We are very excited to announce that TheChessWorld.com starts to publish series of chess article written by an innovative chess instructor John Herron for TOTAL CHESS: Learn, Teach and Play the Easy 1-2-3 Way. We believe that many of our readers would greatly benefit from the information presented in these lectures, thanks to the John Herron’s ability to explain complex concepts in simple words.
Important chess concepts such as chess tournaments, chess variants, sportsmanship, piece strategy, pawn advances, exchanges and many more will be covered throughout the course of lectures.
There are three general phases to a chess game. It is not always clear when one phase ends and another begins, but it is a good way to organize your thoughts and lessons.
1) Opening: The opening is how you start a chess game. It is the first ten to fifteen moves. If you get off to a good start, you will have a good game. If you get off to a bad start, you will have a bad game. You could be way behind in material, or be in a bad position that will be difficult to play for the rest of the game.
2) Midgame: The midgamebegins when the opening is done and lasts until the endgame. The midgame is the most complicated and difficult part of a chess game. There are lots of pieces and lots of possibilities. Both players attack, defend and use tactics. Many games end in the midgame with checkmate.
3) Endgame: The endgame begins when there are very few pieces left on the board, or when the queens are traded. Although there are not many pieces on the board, there is often a lot of strategy. You must make good use of the pieces you have. Subtle moves can make the difference between winning, losing and drawing.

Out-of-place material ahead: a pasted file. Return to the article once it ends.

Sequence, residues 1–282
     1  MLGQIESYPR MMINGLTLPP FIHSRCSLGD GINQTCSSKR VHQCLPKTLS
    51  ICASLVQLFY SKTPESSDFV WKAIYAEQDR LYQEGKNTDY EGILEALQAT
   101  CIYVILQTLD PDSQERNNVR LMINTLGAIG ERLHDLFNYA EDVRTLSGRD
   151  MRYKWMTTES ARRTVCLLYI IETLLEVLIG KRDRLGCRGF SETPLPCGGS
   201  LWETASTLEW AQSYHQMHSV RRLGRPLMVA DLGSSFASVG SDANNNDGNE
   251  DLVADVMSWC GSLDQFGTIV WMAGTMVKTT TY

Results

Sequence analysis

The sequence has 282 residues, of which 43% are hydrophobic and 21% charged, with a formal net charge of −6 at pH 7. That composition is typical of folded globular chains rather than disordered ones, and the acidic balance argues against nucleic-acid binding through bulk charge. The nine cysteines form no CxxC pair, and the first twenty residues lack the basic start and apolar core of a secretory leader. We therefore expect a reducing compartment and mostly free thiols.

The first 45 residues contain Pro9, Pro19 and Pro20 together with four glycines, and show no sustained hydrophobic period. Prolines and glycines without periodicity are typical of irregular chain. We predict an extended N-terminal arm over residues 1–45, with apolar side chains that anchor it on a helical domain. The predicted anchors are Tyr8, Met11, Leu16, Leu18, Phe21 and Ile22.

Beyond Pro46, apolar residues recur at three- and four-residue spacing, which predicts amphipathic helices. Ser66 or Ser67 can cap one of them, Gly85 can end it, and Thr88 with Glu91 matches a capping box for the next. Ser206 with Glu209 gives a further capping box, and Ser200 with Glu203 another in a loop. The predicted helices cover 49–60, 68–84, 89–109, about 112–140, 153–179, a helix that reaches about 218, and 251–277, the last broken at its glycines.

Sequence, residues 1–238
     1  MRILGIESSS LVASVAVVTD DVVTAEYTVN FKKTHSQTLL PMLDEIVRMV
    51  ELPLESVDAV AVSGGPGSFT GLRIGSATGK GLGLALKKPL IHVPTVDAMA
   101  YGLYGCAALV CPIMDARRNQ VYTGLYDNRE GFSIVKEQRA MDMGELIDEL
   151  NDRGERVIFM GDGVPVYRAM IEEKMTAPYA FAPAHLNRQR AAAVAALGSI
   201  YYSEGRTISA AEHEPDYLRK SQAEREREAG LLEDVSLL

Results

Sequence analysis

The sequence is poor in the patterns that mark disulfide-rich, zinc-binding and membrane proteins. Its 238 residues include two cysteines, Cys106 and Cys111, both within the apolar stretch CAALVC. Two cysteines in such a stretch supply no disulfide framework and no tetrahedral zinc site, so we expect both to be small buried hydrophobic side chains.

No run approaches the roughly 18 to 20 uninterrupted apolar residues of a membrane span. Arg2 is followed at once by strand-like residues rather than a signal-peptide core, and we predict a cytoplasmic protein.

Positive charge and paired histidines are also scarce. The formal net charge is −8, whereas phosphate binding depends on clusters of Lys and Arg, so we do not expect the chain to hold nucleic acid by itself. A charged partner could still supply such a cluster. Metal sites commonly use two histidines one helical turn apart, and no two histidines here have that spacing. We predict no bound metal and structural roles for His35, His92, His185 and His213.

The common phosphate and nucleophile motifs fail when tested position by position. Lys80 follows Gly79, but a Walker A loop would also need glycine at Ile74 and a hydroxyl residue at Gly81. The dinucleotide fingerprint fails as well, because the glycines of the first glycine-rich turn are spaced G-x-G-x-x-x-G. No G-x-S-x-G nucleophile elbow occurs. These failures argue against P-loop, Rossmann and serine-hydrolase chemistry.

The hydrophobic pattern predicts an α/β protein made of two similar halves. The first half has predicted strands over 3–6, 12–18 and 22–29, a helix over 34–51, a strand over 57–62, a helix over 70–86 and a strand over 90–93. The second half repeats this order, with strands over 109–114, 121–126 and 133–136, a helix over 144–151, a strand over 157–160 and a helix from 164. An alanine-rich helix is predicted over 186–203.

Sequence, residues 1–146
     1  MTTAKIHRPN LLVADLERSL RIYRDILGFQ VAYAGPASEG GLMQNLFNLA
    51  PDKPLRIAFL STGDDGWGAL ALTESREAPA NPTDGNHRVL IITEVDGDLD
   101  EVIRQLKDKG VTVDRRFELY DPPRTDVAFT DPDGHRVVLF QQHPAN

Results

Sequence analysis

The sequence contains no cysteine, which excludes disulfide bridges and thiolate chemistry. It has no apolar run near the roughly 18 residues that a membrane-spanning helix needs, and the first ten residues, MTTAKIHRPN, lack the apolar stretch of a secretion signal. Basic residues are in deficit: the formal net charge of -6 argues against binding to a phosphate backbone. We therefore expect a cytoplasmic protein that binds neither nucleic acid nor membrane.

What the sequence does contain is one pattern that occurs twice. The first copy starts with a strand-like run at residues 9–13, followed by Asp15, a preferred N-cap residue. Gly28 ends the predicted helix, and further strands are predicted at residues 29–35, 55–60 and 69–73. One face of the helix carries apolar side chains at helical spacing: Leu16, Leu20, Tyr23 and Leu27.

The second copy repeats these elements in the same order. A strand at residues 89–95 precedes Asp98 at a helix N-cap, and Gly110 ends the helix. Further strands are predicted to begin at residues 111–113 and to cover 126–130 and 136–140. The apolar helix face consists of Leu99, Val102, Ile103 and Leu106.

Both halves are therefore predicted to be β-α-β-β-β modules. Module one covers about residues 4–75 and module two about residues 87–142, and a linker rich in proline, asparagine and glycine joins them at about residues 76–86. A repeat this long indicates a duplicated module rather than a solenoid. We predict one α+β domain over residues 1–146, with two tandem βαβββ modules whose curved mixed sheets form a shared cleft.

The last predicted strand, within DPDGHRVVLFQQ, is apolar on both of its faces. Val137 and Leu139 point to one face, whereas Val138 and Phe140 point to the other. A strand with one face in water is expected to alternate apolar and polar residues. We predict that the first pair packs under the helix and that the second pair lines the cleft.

There are many playing levels in chess. One way to determine your playing level is to see what you thinkabout when you play.
1) Beginners: Beginners look at their own pieces and their own moves. They do not think very much about the opponent’s pieces and the opponent’s moves. They think about attacking, but not much about defending. They usually think ahead only one move.
2) Intermediates: Intermediates look at the opponent’s pieces and the opponent’s moves. They think about what the opponent could do to them. They think about both attacking and defending. They usually think ahead two moves.
3) Advanced Players: Advanced players look at the space around the pieces. They think about where the pieces can go and what the pieces can do, even if it takes more than one or two moves. They look deeper and see more possibilities. They usually think ahead three or more moves.
From the book, “TOTAL CHESS: Learn, Teach and Play the Easy 1-2-3 Way,” by John Herron
TOTAL CHESS is your complete guide to chess. It covers everything: rules, strategies, tactics and checkmates.
Everything in chess comes in threes. Three simple strategies are presented for the opening, midgame, endgame, etc. Each lesson is brief and covers one concept in simple language that everyone can read and understand.
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